As we’ve discussed, the conventional deadlift is one of the least efficient deadlift variations for building your quads. How do we know this? Let’s look at the science. This study showed that deadlifts require more work from hip flexors and far less knee flexion than squats. This is essential to keep in mind since knee flexion is controlled in large part by your quads. Since conventional deadlifts don’t encourage knee flexion, they won’t build substantial muscle mass in your quads.
- Conventional deadlifts require relatively small amounts of knee flexion (bending and straightening).
- The quadriceps are responsible for knee flexion, so exercises with less knee flexion are less beneficial for your quads.
- Use conventional deadlifts to primarily build muscle in the glutes, hamstrings, and other muscles of your posterior chain.
Because your legs are only slightly bent when you use proper conventional deadlift form, much of the flexion in the movement comes at the hips. This means your glutes, hip flexors, hamstrings, and lower back fire to do the work of deadlifting. This is still a great exercise, just not an ideal choice for quad muscle growth.
Quad Activation Grade: C
Good Compromise: Sumo Deadlift
The wider stance of the sumo deadlift makes it a much better choice for building your quads than conventional deadlifts. By using the sumo stance, your back is kept in an upright position. This means you have to bend and straighten your knees to perform the range of motion required for sumo deadlifts. This increase in knee flexion instantly makes sumo deadlifts a better choice for getting a quad workout.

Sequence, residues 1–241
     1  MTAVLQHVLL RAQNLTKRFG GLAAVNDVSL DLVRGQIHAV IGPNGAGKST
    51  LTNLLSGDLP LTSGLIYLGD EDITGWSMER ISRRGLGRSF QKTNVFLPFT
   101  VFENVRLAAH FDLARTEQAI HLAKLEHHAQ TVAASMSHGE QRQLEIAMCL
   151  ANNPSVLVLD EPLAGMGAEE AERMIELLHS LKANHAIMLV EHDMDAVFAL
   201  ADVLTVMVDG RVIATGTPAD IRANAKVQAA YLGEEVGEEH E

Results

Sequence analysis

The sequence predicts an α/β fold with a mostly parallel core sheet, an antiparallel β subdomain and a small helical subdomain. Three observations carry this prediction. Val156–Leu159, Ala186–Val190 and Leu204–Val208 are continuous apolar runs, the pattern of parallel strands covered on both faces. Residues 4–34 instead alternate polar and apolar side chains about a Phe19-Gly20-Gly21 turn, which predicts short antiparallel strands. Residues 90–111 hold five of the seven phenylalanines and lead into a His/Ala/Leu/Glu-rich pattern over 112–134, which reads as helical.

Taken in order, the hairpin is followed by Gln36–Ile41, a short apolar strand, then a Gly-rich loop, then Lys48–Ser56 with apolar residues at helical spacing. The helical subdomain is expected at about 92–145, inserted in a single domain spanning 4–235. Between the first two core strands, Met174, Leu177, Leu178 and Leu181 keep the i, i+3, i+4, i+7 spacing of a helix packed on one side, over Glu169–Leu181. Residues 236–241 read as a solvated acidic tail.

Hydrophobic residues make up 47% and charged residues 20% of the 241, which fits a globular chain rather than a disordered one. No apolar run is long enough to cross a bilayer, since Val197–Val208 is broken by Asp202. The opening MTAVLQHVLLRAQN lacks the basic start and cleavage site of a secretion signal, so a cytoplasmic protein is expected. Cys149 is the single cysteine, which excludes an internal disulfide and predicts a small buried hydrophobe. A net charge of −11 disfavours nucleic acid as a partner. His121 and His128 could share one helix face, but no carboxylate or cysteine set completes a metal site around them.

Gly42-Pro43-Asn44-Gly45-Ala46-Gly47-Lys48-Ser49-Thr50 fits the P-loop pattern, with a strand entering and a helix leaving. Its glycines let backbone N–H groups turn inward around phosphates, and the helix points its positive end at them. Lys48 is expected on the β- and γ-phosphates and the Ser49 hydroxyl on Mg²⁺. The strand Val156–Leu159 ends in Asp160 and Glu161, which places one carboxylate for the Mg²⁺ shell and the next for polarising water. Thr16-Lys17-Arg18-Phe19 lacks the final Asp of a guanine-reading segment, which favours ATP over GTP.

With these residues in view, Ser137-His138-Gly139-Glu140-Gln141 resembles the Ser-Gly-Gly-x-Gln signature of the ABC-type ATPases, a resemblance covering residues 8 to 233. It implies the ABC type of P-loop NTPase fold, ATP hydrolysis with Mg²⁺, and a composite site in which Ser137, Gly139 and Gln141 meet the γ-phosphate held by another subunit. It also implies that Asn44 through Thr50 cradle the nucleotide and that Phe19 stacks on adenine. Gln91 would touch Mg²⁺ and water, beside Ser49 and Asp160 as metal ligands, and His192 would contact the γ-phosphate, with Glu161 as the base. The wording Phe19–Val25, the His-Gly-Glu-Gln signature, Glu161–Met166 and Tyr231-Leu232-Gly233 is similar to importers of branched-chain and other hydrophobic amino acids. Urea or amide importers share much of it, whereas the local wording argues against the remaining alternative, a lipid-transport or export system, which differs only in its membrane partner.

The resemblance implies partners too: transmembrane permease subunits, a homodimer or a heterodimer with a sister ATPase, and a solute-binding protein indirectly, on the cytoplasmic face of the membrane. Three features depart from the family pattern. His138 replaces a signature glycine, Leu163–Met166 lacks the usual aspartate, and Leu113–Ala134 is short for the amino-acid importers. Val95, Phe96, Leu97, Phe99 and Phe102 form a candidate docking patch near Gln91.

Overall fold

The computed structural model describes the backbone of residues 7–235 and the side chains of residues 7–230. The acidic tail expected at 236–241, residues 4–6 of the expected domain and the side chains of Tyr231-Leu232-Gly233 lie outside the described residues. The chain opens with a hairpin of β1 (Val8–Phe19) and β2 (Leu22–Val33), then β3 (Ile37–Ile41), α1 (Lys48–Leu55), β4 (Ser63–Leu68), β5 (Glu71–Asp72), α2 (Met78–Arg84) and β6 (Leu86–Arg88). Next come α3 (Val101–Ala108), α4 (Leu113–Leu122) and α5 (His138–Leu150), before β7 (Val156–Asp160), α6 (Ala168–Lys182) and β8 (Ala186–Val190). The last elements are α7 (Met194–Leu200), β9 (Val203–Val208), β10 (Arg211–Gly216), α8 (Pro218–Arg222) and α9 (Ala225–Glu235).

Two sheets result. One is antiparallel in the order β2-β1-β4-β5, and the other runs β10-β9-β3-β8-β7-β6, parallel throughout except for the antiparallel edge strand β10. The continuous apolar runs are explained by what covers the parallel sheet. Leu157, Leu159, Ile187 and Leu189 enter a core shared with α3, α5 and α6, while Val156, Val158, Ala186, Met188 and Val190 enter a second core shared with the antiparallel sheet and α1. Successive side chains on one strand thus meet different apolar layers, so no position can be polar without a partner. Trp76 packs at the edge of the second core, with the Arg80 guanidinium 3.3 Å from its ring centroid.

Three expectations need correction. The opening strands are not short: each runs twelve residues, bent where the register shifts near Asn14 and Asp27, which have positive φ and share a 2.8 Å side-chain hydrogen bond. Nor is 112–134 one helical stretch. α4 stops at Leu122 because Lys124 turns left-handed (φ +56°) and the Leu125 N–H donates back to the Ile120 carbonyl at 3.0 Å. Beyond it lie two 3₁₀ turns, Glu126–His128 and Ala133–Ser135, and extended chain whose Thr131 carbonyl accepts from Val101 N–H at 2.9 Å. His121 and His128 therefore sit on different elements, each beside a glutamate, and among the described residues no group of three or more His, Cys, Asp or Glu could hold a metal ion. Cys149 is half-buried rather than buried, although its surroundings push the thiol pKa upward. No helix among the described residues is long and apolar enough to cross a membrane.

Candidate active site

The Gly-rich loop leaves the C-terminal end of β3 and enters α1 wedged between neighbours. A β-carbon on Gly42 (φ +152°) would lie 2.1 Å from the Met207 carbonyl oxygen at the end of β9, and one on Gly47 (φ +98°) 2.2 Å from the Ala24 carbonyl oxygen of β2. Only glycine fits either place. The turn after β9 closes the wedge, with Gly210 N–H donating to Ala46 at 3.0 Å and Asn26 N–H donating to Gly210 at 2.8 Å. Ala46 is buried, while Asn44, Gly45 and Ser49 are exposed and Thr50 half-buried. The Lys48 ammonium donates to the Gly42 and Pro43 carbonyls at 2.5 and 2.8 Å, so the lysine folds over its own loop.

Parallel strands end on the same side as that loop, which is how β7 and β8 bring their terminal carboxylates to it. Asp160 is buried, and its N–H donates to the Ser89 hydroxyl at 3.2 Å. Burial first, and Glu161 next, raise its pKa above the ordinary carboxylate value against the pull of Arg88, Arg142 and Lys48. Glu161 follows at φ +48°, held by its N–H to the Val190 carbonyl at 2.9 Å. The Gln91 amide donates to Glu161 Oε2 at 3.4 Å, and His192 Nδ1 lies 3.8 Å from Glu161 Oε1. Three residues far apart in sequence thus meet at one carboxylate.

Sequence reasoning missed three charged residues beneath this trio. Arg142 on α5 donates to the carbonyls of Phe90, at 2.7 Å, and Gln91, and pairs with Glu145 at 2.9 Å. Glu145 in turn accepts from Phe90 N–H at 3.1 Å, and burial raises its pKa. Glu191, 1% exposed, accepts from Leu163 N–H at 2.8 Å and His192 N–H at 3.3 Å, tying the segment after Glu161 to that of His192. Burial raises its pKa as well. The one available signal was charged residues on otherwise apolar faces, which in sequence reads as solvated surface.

- Sumo deadlifts require more knee flexion than conventional deadlifts, so they provide more of a workout for your quads.
- Reduced hip flexion means sumo deadlifts place less emphasis on the glutes, hamstrings, and lower back.
- Sumo deadlifts are a good middle ground that provides some of the benefits of the conventional deadlift with an increased focus on the quads.
Another advantage of sumo deadlifts is that they put less strain on the lower back than conventional deadlifts. This is great if you are recovering from a back injury but still want to do deadlifts. However, you’ll get fewer benefits for your hamstrings, glutes, and hip flexors compared to conventional deadlifts.